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The historiography of slavery seems to oscillate between two poles. One tradition, perhaps still best exemplified by Eugene Genovese's magisterial Roll, Jordan, Roll (1974), relies on the accretion of evidence scattered across time and place to draw the broadest possible conclusions about the peculiar institution. A countertradition, much in vogue now, looks for answers to "large questions in small places," in Charles Joyner's phrase. The former approach invariably is challenged by particular cases that refute its generalizations. Yet the latter tendency, of which Charles Dew's new book is an excellent recent example, risks taking particularity so far that generalization becomes virtually impossible.
Bond of Iron represents an especially interesting case of particularity because Dew, probably the foremost historian of industrial slavery, began his research intending to write a broad study of slave ironworkers. But as enough serendipitous discoveries allowed him to piece together the half-century saga of Buffalo Forge, its owner, William Weaver, and the generations of highly skilled slave artisans who labored for him, Dew could not resist taking "an in-depth look at how the slave system functioned at a single southern manufacturing enterprise" (p. xiv). In doing so, his portrait of industrial slavery departs radically from the one general account we have, Robert Starobin's Industrial Slavery in the Old South (1970). In Starobin's view, industrial slavery combined the harshest features of early industrial labor and bondage itself, and industrial slaves endured work conditions far worse than those prevalent in plantation slavery.(1) Dew finds, however, that slave ironworkers forged a remarkable degree of control over their own lives.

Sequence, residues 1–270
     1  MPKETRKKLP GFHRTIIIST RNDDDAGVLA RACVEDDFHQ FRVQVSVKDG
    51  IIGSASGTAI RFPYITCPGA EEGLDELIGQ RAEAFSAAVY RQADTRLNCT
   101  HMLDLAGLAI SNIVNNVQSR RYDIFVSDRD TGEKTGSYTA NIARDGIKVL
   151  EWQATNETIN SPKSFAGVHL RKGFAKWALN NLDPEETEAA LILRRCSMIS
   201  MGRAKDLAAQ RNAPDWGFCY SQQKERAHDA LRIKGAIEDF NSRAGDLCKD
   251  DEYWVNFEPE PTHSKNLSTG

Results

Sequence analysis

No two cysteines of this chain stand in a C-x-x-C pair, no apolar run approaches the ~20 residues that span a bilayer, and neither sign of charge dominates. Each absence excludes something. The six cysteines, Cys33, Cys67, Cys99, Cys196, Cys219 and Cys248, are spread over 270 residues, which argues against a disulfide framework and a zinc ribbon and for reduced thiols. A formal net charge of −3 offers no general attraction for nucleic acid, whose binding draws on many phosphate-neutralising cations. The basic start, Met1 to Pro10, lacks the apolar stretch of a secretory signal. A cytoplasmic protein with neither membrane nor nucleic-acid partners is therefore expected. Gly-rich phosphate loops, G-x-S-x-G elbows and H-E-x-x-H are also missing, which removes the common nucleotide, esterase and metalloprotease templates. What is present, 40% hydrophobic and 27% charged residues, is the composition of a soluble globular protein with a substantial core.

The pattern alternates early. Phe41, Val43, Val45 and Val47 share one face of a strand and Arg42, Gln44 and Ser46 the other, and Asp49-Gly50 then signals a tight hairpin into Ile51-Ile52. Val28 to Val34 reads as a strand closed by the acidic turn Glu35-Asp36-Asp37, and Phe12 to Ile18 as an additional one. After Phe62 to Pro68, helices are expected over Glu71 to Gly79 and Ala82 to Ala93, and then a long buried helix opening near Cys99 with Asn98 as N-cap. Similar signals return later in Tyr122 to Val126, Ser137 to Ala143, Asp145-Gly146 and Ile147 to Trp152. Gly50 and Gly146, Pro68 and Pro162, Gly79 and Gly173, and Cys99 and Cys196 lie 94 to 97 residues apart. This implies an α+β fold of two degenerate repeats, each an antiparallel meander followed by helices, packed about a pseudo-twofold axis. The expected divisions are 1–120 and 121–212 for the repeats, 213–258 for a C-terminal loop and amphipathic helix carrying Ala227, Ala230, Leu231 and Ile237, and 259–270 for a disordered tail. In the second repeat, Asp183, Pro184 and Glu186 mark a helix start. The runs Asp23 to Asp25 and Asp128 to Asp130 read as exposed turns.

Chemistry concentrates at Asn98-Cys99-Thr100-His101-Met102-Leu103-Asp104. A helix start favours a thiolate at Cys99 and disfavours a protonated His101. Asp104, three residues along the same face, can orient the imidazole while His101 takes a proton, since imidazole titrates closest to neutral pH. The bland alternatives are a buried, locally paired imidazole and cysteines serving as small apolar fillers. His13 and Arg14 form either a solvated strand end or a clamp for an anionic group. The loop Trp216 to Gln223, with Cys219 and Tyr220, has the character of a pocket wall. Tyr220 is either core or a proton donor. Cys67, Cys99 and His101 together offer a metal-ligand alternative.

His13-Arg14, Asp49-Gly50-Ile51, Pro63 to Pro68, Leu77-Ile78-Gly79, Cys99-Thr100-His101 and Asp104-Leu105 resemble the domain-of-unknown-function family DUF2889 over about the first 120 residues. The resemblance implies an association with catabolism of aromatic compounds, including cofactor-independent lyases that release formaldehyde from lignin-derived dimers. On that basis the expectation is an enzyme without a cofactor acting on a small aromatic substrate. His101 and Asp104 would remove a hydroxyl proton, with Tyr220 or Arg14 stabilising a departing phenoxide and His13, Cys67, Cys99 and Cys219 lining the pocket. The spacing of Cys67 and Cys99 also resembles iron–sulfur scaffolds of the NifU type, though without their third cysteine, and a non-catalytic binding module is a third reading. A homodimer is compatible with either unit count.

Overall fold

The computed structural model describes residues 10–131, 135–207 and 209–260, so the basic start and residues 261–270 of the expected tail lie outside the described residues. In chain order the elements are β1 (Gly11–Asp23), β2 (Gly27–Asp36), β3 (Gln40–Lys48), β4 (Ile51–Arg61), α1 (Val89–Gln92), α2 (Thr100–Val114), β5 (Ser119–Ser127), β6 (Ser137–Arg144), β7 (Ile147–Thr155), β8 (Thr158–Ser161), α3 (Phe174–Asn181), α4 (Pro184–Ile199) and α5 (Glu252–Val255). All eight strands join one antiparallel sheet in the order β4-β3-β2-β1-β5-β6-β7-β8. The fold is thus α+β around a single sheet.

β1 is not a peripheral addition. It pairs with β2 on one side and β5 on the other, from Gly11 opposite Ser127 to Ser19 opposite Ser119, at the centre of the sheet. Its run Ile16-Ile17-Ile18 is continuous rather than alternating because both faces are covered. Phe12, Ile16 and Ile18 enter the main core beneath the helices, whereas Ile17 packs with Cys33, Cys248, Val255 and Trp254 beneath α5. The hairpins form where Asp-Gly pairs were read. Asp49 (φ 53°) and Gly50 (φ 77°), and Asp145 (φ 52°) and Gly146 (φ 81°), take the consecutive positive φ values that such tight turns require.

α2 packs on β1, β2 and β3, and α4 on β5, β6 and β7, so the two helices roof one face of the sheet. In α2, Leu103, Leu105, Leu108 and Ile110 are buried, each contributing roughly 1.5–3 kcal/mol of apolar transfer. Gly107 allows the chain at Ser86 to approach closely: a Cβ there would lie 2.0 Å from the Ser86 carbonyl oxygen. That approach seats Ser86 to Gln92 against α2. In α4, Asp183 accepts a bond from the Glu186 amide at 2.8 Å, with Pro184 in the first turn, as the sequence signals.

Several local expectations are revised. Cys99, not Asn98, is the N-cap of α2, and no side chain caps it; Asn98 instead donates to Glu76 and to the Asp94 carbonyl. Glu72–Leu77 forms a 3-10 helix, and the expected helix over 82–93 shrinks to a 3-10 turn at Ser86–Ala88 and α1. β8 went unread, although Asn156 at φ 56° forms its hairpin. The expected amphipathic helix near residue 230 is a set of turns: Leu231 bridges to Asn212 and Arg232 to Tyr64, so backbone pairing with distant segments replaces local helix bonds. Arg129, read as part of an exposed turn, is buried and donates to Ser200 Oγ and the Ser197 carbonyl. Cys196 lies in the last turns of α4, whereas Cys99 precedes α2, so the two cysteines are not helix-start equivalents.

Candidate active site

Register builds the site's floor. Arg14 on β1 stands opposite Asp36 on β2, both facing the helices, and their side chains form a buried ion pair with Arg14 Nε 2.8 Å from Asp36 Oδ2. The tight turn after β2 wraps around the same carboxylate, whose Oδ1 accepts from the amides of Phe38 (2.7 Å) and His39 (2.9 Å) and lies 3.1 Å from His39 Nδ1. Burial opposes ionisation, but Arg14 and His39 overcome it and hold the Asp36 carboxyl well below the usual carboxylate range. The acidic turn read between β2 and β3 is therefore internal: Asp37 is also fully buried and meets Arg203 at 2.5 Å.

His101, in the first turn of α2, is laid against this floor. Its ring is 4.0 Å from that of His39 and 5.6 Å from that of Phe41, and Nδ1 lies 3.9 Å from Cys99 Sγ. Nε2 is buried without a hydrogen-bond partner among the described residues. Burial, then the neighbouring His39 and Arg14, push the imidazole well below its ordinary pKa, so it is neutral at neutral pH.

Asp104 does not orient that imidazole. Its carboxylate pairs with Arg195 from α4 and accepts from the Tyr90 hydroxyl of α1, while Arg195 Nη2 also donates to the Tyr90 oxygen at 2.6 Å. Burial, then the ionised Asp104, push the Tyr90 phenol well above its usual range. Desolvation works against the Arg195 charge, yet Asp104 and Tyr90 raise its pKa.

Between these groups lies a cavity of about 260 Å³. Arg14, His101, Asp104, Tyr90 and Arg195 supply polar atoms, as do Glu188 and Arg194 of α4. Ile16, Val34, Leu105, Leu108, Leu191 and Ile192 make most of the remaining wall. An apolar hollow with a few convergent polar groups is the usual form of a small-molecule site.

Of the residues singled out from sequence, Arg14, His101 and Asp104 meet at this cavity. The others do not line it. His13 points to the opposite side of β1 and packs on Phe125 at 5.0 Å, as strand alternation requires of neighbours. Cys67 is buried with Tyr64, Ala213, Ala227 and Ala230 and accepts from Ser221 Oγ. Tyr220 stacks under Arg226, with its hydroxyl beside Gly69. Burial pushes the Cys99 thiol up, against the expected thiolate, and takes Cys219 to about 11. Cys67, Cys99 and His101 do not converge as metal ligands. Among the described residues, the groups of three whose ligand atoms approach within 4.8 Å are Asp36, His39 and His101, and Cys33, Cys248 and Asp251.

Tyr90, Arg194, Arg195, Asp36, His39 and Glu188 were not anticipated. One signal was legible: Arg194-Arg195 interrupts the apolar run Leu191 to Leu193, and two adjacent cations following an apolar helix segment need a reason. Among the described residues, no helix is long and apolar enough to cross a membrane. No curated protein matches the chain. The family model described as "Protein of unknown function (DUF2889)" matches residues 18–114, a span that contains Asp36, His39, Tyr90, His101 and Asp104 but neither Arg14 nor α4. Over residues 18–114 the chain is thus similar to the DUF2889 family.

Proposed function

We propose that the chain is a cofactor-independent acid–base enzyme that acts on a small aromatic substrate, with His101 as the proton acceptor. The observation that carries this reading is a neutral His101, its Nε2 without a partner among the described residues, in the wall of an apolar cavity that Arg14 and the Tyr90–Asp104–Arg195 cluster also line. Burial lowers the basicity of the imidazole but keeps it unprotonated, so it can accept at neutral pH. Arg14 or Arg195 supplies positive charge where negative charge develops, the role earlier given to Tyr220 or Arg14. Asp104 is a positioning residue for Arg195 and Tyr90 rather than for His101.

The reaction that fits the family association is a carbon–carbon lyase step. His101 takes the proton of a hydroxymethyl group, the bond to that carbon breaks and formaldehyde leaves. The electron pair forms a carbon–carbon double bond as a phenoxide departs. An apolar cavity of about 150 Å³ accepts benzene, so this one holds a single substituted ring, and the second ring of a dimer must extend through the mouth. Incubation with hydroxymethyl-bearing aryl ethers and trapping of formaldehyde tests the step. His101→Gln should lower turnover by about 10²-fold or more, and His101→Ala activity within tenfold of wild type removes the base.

Dew breaks his narrative down into three components. First, he tells the story of the master, tracing the "long and litigious career" (p. 83) of William Weaver, mostly through the numerous chancery court documents generated by Weaver's frequent (and interminable) lawsuits. Weaver emerges in this portrait as a singular individual. Born into a family of Pennsylvania Dunkers - a religious sect "unalterably opposed to the institution of slavery" (p. 16) - he invested in Virginia ironworks, secretly purchased a slave labor force, and eventually moved to Rockbridge County in western Virginia to oversee his increasingly …